How not to get lost this summer
Kindle readers are one of the most common misplaced items, and airlines have a procedure for tracking down the owners of these and other valuables. (Eric Piermont, Getty-AFP Photo)
In their hurry to avoid holiday traffic, Mangold left her $680 in cash in their room at the Hampton Inn and Suites Islamorada.
Key West, on a busy Labor Day weekend," says Mangold, a nurse practitioner from Philadelphia. "I immediately took my phone out to call the Hampton Inn. I looked at my missed calls and found that they were trying to reach me."
Turns out, a housekeeper had found the cash. The hotel overnighted it to Key West at no charge.
"We were more than grateful," says Mangold.
Not every lost story has a happy ending, and although the travel industry doesn't keep any meaningful statistics on the items travelers lose every year, my own experience as an advocate for travelers suggests that summer is high season for losses.
And unfortunately, the lost items often stay lost.
Consider what happened when Leslie Bonner left her Kindle on a recent Hawaiian Airlines flight from Honolulu to San Francisco. Kindle readers are one of the most common misplaced items, and airlines have a procedure for tracking down the owners of these and other valuables. More on that in a minute.
"When I called the lost-and-found department the next day, a representative said, 'You wouldn't believe how many Kindles we have here,'" remembers Bonner, a retired college administrator from Merced, Calif. "The person I was talking to found it very amusing. I asked if they had one in a brown leather cover that had a built-in light, and she quickly answered 'no.' Now how did they know that, if they had so many, and she didn't even take a second to look?"
Her Kindle stayed lost.
"I have an iPad now, and you can bet it will never see a seat pocket on a flight," Bonner adds.
With millions of Americans hitting the road this summer, I'm sure that this won't be the only story I get about a lost item. Fortunately, you don't have to become another statistic.
At a large hotel or a chain property, valuables that are left behind are normally logged into a lost-and-found database.
"If an item is found by hotel employees or other guests and is of a certain value," it's "placed in a secure location or a safe," says John Wolf, a spokesman for Marriott International. "Guests are asked to identify and describe the lost property. When an item is claimed, the guest's information is added to the log for our records."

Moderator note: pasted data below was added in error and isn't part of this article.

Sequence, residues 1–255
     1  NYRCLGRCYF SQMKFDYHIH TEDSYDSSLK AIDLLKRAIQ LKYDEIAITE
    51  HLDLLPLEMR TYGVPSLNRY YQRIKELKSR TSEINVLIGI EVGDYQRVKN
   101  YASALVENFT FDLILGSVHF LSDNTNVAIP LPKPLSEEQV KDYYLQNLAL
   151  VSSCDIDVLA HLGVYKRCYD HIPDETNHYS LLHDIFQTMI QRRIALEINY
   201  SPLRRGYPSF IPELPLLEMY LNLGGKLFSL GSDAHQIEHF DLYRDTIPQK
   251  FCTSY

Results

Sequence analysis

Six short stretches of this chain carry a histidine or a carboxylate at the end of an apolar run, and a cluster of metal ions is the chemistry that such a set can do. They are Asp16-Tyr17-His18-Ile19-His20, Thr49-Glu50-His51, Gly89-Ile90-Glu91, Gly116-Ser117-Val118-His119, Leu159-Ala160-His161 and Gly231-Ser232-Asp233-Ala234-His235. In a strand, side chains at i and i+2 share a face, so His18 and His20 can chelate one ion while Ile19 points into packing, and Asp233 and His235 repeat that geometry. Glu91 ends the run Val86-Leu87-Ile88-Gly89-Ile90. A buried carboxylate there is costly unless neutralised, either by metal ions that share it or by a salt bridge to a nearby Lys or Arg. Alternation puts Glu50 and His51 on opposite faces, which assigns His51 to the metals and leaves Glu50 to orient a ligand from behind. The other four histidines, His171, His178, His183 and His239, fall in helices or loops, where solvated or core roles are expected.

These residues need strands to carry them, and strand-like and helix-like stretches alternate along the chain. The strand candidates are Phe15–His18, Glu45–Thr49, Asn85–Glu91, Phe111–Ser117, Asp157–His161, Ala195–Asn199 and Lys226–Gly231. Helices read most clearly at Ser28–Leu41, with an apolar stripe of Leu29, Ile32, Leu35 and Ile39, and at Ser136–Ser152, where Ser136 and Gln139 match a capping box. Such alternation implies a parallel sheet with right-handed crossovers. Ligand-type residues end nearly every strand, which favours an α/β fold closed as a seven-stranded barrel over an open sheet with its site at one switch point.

Hotel lost-and-found practices vary by state, country and hotel size. A smaller inn, for example, is unlikely to have a database and will keep unclaimed items in a box or a closet. But the process of tracking down your lost cellphone (Wolf says it's the most common lost item at Marriott) or anything else you may leave behind is the same:
Contact the property as soon as possible and let it know which room you stayed in and when. Leave your contact information, too.
Car rental companies have a similar lost-and-found policy, according to Sharon Faulkner, the executive director of the American Car Rental Association. Normally, a company can track down the customer based on rental records, and a car rental location typically keeps lost items for at least six months. But reuniting drivers with their possessions is often a challenge.
"Problem is, people hide their valuables like cameras under the seats while vacationing and then forget them," she says. "Sometimes we didn't find them during prep and the customer would call weeks after their rental, because they would suddenly realize they'd forgotten their camera, their binoculars, the little purchased memory of a jar of jam, maple syrup, or seashells -- all deeply pushed up under a seat to hide them from potential thieves."
By then, it's often too late. The car rental company has sold or given away the item. So Faulkner offers the same advice as Marriott: Let the car rental location know about your loss as soon as possible.